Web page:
A British politician has called for the creation of a Chief Blockchain Officer to oversee the implementation of Distributed Ledger Technology (DLT) in the UK Government.
In a research paper, the Conservative Member for Walsall North, Eddie Hughes, argued blockchain would lead to greater efficiency and security in the running of government departments, potentially leading to billion dollar savings.
Titled “Unblocking Blockchain“, the paper highlights that some departments have already begun to test out their own blockchain initiatives, but that a fully coordinated response is needed, as a matter of “national urgency”.
Running to 36 pages, the research paper was released by FREER a non-partisan initiative designed to promote economic and social liberty in the UK.
One of the key areas Hughes’ paper suggests is an effective area for blockchain technology would be to reduce transaction and procurement costs. Official data highlights that between April 2016 and March 2017, over 3.3bn transactions were completed by Government departments.
The paper estimates that full-governmental implementation of blockchain could lead to a 1% saving on expenditure, potentially as much as £1bn. ($1.3bn) for this financial year. “A concerted entrance of blockchain and associated technologies…could lead to significant savings for the UK”, Hughes writes.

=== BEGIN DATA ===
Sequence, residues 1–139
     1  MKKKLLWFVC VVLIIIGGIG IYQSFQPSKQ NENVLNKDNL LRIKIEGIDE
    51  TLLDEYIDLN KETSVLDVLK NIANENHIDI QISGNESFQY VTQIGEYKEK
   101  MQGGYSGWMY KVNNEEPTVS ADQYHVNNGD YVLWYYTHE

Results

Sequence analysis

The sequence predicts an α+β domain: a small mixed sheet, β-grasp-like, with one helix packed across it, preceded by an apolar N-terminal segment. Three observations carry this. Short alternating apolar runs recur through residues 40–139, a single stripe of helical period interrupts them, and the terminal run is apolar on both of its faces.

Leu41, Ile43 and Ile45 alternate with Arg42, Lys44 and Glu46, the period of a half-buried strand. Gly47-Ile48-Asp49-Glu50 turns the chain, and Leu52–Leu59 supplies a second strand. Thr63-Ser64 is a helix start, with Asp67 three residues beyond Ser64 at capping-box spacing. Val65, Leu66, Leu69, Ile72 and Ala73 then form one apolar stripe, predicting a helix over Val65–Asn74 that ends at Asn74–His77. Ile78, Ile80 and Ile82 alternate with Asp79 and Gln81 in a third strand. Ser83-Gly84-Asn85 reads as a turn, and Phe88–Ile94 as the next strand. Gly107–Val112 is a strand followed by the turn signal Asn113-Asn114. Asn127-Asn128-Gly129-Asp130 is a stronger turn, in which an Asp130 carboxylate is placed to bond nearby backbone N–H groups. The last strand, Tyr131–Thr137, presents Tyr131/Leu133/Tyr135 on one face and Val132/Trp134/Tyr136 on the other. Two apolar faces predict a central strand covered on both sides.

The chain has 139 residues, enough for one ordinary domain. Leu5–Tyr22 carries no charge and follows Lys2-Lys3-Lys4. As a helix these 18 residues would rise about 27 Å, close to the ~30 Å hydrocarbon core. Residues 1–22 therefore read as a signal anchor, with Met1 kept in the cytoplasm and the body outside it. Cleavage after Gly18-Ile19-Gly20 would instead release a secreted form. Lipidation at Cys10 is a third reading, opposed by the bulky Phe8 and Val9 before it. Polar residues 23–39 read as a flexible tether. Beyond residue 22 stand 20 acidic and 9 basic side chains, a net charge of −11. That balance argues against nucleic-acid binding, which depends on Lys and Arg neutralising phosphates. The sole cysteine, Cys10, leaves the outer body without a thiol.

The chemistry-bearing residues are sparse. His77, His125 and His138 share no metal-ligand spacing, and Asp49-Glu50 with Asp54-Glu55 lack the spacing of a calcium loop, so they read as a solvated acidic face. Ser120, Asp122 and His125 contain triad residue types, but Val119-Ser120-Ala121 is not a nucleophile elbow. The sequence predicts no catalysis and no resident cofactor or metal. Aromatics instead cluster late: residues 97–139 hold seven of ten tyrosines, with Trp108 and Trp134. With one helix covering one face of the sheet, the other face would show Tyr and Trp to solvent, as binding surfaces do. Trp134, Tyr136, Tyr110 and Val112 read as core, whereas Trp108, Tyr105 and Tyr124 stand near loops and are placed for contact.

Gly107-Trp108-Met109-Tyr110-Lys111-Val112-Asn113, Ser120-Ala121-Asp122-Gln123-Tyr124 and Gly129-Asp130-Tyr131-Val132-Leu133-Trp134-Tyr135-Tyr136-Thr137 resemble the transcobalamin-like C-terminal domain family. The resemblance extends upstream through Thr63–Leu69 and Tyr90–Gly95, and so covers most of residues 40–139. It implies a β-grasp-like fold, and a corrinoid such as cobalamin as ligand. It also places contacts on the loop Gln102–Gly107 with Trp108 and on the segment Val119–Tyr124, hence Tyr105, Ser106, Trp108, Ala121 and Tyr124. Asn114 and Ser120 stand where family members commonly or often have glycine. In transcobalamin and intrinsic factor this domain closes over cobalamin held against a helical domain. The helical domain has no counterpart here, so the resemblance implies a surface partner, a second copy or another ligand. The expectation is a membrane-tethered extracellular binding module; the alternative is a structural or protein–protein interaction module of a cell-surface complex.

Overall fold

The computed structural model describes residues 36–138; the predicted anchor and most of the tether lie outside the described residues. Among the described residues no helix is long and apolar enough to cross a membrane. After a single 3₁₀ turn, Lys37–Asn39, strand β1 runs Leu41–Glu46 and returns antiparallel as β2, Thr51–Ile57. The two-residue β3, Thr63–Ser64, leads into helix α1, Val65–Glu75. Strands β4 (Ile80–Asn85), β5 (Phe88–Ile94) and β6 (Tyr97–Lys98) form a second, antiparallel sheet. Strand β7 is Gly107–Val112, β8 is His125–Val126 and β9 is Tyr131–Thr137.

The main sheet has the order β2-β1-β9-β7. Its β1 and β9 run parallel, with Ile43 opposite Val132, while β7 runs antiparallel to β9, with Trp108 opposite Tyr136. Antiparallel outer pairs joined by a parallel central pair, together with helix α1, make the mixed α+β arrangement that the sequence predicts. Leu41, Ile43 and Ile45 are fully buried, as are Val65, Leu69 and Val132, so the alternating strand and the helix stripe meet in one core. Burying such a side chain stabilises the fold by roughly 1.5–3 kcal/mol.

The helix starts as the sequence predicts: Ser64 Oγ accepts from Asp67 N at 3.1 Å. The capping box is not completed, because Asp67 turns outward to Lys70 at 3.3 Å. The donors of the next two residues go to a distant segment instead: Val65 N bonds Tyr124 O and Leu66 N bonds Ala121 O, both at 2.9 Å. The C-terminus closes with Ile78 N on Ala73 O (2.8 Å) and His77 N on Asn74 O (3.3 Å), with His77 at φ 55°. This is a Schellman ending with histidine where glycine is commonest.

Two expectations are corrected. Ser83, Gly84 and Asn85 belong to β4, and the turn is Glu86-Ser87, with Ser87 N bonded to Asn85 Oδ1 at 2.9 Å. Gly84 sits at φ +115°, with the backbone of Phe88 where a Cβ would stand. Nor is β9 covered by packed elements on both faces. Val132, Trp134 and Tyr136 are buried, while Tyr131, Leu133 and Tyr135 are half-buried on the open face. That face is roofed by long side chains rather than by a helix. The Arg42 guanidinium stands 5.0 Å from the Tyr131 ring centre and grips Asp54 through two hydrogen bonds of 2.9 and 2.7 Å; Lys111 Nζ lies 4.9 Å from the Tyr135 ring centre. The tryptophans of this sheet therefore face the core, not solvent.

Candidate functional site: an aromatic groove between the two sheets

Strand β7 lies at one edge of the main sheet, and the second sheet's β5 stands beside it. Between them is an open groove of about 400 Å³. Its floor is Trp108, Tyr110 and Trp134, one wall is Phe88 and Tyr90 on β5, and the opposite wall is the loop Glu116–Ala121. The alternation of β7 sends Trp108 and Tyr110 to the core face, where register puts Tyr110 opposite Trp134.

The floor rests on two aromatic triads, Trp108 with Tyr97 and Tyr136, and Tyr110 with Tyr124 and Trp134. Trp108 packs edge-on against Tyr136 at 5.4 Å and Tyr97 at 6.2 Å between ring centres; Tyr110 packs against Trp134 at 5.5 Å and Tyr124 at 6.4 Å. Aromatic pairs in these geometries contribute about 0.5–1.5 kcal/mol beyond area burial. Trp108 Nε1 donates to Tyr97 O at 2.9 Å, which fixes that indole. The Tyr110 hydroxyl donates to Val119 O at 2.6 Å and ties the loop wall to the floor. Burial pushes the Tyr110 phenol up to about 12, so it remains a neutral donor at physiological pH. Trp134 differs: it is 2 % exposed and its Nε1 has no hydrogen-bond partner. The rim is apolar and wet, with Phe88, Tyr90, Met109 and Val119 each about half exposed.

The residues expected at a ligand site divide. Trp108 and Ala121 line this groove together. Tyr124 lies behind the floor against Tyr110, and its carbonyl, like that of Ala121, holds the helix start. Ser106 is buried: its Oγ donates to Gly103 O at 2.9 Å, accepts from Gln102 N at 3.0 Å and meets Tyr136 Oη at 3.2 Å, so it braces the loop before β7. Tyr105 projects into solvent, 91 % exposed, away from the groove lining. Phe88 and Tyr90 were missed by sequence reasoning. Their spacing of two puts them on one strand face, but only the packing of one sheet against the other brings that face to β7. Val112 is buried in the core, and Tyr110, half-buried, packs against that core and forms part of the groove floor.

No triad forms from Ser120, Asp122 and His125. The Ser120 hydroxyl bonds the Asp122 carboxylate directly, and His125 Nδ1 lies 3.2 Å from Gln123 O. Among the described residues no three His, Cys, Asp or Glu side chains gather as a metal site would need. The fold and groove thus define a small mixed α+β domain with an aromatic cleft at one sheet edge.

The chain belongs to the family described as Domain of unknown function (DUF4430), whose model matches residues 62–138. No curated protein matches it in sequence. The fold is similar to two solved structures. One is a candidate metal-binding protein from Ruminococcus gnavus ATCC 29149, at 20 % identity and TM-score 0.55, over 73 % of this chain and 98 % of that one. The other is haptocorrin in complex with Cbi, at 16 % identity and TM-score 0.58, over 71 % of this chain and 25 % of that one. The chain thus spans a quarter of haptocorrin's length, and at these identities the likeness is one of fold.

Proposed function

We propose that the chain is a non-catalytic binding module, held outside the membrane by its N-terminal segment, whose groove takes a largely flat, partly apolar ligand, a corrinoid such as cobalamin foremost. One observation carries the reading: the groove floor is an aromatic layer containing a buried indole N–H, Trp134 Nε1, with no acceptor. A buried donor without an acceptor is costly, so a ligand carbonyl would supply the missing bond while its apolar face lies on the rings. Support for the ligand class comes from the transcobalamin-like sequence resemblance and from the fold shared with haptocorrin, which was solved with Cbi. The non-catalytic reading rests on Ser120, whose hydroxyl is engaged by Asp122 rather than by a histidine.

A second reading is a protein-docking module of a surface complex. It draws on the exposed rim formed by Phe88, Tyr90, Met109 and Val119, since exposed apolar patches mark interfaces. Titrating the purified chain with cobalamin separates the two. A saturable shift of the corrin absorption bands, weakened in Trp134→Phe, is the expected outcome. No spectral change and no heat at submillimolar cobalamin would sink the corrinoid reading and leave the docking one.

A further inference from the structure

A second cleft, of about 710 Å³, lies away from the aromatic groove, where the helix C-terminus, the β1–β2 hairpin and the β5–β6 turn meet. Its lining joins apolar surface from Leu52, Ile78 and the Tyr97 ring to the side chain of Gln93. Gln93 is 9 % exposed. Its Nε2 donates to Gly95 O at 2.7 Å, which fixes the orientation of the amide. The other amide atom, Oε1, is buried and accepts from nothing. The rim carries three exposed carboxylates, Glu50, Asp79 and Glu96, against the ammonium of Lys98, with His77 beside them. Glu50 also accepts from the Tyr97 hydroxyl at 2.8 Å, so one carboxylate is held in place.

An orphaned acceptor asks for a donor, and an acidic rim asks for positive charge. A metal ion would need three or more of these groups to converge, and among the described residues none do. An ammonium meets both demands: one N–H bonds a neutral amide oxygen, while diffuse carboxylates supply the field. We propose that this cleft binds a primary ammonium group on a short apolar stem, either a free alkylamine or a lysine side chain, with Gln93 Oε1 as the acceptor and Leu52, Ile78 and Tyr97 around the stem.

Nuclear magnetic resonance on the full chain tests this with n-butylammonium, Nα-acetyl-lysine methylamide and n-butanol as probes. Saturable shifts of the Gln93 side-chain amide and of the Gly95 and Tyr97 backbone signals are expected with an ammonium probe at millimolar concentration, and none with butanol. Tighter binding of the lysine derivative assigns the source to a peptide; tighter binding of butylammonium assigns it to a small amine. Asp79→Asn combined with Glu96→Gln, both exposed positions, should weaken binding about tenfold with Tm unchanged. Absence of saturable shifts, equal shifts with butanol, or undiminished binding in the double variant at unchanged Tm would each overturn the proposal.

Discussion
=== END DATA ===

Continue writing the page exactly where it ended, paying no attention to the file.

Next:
The paper suggests that a ‘public facing’ Chief Blockchain Officer should be created to coordinate a national strategy into how blockchain can be used in particular services and sectors. A government-run competition to encourage further blockchain engagement among British businesses should also be introduced.
Although London remains a prominent financial center with a burgeoning blockchain and cryptocurrency scene, regulators have still not determined their position. In February, the Treasury Committee launched an inquiry into the risks associated with cryptocurrency and blockchain and the FCA has invited businesses involved in cryptocurrency to participate in its regulatory sandbox in early July.
The mainstream media has been quick to point out that many of Mr. Hughes’ claims fail to have any particular backing behind them: the 1% saving seems to have been a rough guestimate based on how much Estonia saved from using blockchain to pay for public servants.
The CFA Institute, which runs examinations for financial professionals in the US, said this week that blockchain and cryptocurrency is not “a passing fad”. Whilst there may be parts with stronger style rather than substance, it’s a promising sign that at least some parts of the UK Government are beginning to think the same.
Disclaimer: The author is not invested in any cryptocurrency or token mentioned in this article, but holds investments in other digital assets.